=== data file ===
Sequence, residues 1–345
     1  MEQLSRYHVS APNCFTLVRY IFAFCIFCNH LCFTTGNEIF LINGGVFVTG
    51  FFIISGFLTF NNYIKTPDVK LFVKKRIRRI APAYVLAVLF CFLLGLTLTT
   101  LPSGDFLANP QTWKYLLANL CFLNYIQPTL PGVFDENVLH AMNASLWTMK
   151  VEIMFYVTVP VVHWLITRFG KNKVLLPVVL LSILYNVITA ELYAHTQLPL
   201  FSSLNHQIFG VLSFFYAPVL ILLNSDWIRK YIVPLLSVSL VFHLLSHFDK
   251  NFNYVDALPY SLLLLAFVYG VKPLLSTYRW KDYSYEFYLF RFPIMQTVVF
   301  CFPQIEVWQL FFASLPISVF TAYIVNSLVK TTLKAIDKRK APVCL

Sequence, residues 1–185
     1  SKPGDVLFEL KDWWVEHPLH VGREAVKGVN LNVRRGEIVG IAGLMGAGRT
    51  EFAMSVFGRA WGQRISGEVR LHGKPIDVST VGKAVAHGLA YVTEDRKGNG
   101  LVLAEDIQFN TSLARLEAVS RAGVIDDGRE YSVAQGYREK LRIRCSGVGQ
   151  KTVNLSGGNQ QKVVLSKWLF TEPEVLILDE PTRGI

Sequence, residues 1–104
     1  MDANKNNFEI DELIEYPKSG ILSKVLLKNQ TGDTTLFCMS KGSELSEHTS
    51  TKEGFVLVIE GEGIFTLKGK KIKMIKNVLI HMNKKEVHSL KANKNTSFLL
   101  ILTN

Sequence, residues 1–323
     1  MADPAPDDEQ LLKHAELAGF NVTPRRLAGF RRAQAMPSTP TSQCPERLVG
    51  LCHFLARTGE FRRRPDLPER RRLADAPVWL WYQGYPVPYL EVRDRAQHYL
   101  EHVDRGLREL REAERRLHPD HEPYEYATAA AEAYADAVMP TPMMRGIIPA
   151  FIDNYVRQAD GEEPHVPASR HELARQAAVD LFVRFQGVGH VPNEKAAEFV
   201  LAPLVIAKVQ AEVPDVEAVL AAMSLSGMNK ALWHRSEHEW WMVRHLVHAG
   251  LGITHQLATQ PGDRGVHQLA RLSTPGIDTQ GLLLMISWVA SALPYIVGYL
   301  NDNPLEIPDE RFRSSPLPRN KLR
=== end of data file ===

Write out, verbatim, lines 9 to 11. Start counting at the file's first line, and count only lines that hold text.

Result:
Sequence, residues 1–185
     1  SKPGDVLFEL KDWWVEHPLH VGREAVKGVN LNVRRGEIVG IAGLMGAGRT
    51  EFAMSVFGRA WGQRISGEVR LHGKPIDVST VGKAVAHGLA YVTEDRKGNG